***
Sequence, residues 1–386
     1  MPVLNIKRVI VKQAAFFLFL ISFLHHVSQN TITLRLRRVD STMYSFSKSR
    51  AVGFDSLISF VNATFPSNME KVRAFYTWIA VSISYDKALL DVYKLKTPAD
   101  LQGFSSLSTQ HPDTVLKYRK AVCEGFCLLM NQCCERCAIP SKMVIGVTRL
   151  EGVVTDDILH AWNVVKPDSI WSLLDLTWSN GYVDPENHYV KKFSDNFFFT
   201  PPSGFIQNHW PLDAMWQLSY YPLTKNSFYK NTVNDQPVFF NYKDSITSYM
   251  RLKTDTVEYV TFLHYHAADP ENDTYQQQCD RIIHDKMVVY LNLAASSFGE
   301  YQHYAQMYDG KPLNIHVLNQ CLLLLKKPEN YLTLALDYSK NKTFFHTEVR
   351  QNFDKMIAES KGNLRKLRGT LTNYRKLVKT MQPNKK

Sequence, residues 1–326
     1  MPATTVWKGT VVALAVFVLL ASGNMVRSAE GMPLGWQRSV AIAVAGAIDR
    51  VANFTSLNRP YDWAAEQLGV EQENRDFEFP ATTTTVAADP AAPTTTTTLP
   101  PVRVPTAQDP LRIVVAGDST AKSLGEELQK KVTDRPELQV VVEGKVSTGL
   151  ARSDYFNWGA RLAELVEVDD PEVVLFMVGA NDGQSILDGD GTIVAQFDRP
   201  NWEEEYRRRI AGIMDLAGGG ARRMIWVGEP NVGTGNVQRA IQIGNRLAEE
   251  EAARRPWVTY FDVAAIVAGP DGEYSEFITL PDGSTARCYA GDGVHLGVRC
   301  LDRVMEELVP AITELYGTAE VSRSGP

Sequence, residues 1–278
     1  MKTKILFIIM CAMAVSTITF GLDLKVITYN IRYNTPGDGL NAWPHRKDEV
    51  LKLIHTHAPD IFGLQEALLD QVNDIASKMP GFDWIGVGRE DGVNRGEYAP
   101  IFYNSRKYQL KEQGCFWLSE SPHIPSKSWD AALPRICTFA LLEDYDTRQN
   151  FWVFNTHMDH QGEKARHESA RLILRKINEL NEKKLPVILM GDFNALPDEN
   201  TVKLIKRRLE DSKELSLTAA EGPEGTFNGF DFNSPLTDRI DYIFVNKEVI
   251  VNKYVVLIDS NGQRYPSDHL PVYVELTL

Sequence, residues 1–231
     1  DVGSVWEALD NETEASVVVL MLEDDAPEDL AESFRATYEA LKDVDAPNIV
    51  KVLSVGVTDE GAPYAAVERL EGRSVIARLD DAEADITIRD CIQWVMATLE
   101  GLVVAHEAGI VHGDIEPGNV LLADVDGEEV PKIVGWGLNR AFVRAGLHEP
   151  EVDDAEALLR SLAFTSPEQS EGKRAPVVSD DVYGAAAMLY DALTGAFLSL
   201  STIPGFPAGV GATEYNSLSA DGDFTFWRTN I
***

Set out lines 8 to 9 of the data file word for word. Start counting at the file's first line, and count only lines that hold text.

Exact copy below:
   301  YQHYAQMYDG KPLNIHVLNQ CLLLLKKPEN YLTLALDYSK NKTFFHTEVR
   351  QNFDKMIAES KGNLRKLRGT LTNYRKLVKT MQPNKK